Never before has so much of the national electoral narrative rested on the shoulders of two suburban candidates for one of 435 seats in the U.S. House. But when the former Georgia secretary of state who flopped in bids for the Senate in 2012 and governor in 2014 and a 30-year-old former Congressional staffer who makes documentaries came face-to-face on the debate stage on Tuesday night, it was clear that Republican Karen Handel and Democrat Jon Ossoff knew their race means so much more than just one seat on the floor of the U.S. House. The two clashed over foreign policy, health care, tax policy and everything in between. But perhaps the real winners in the Georgia 6th Congressional district race will be the residents of northern Atlanta, who have been bludgeoned by tens of millions of dollars in television ads and dozens of national political staffers for months and are just now beginning to see the light at the end of the tunnel, ABC News' Ryan Struyk notes. http://abcn.ws/2rTdfYP

    QUOTE OF THE DAY

    "Jared has actually become much more famous than me -- I'm a little bit upset about that." - President Trump on son-in-law Jared Kushner

    WHAT TO WATCH TODAY

    Just a warm-up before Thursday. Director of National Intelligence Dan Coats, Deputy Attorney General Rod Rosenstein, and National Security Agency Director Mike Rogers are supposed to testify in front of the Senate Intelligence Committee.

    President Trump will give a speech in Cincinnati, Ohio today on his infrastructure initiative. Will Trump stay on topic?

    NEED TO READ with ABC News' Adam Kelsey

    Eric Trump funneled cancer charity money to his business: report. Eric Trump is slamming a Forbes report that alleges his charity, the Eric Trump Foundation, has been funneling donations -- from donors who believed the money was going to St. Jude Children's Research Hospital -- to the Trump Organization by paying high sums for use of Trump properties during fundraisers and re-donating some funds to charities friendly with Trump interests. http://abcn.ws/2s3nhYu

    Trump's legislative priorities outlined, challenged amid Russia investigation. In a briefing with reporters Tuesday afternoon, White House Director of Legislative Affairs Marc Short acknowledged that the investigation into Russian election interference and possible collusion with the Trump campaign makes advancing the White House legislative agenda on Capitol Hill more difficult. "There is no doubt that keeping members focused on investigations detracts from our legislative agenda," Short said. http://abcn.ws/2rySZva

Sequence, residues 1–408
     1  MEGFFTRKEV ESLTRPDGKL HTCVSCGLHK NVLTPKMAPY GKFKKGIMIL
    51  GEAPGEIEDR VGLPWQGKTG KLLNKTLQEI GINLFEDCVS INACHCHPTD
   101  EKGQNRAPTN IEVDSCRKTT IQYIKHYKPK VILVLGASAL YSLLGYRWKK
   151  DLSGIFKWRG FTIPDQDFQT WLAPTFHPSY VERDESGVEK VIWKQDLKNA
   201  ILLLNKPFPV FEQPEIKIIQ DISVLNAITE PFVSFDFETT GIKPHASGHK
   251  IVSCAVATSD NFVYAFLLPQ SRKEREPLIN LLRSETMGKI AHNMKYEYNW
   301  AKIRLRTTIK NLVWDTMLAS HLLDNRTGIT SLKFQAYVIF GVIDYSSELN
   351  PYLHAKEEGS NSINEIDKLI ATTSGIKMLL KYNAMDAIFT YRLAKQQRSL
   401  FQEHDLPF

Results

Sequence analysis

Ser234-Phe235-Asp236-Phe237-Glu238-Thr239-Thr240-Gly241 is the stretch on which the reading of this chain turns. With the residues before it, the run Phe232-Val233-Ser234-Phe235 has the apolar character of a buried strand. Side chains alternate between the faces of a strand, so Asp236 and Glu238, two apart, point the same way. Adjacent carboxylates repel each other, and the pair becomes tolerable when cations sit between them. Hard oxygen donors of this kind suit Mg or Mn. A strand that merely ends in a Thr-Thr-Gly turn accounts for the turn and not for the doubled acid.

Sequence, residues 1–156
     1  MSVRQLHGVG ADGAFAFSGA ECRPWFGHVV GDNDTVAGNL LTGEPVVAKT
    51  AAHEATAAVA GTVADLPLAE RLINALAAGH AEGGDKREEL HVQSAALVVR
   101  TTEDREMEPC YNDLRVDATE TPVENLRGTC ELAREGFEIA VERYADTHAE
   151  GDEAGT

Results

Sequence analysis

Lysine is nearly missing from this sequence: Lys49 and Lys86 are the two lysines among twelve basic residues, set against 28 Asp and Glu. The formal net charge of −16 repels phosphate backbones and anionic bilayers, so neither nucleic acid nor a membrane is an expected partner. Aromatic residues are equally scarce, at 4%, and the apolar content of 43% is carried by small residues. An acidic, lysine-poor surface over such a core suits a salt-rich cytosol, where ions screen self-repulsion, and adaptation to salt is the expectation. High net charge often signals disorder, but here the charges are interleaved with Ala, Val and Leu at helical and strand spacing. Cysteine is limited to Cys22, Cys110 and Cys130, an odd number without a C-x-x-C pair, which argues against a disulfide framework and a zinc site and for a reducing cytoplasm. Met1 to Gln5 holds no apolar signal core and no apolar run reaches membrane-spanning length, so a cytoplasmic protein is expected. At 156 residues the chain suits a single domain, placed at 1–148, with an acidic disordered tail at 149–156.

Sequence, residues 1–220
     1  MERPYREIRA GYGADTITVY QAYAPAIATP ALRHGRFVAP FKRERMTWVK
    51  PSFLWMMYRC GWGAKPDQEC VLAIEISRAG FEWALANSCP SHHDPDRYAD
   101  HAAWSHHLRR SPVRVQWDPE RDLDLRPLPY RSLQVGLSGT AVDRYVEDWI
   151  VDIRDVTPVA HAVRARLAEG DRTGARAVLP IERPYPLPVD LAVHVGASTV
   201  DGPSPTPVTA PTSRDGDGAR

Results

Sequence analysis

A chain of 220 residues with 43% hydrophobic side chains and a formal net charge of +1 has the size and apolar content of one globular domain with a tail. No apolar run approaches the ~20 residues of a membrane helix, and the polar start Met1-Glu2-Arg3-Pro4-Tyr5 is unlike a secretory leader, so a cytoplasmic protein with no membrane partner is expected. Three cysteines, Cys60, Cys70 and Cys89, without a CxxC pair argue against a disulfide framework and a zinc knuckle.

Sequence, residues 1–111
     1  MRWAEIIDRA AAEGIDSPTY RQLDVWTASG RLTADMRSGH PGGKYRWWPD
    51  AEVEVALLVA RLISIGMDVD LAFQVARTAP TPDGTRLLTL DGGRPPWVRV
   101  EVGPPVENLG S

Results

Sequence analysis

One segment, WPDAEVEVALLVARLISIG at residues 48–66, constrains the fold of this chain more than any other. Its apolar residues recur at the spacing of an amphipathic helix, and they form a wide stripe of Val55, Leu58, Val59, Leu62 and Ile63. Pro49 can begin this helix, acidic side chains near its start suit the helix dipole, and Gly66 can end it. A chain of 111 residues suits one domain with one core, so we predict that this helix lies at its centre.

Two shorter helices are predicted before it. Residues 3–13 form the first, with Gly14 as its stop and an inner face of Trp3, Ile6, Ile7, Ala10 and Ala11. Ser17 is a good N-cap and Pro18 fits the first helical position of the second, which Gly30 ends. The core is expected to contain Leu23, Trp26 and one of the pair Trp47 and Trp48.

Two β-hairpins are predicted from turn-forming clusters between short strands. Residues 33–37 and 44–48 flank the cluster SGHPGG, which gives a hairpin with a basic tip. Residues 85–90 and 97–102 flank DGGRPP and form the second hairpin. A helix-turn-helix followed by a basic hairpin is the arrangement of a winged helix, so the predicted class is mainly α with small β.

Health care on Senate Republicans' agenda. While Senate Republicans insist they are making progress on health care overhaul, they are not confident that they can meet the summer timeline being put forth by the White House. Instead, Republicans on Capitol Hill are trying to manage expectations. "We're getting closer to having a proposal that we'll be bringing up in the near future," Senate Majority Leader Mitch McConnell told reporters Tuesday. http://abcn.ws/2rKeBDo

    The truth about President Trump's $110 billion Saudi arms deal. President Trump called an $110 million arms sale to Saudi Arabia "tremendous" and bragged about the billions of dollars in investments and jobs that would be brought to the United States as a result. But the reality is that the United States is nowhere close to receiving that kind of money, at least right now. ABC News found only approximately $25 billion of the $110 billion in the actual pipeline, and future sales are not guaranteed. http://abcn.ws/2r4dBrN

    Hawaii becomes first state to enact law that aligns with Paris Agreement. Hawaii has become the first state to enact a law that aligns with the Paris agreement after its governor signed two bills into law Tuesday that "support the commitments and goals" of the accord, Gov. David Ige's office announced Tuesday. http://abcn.ws/2rSYEN0

    WHO'S TWEETING?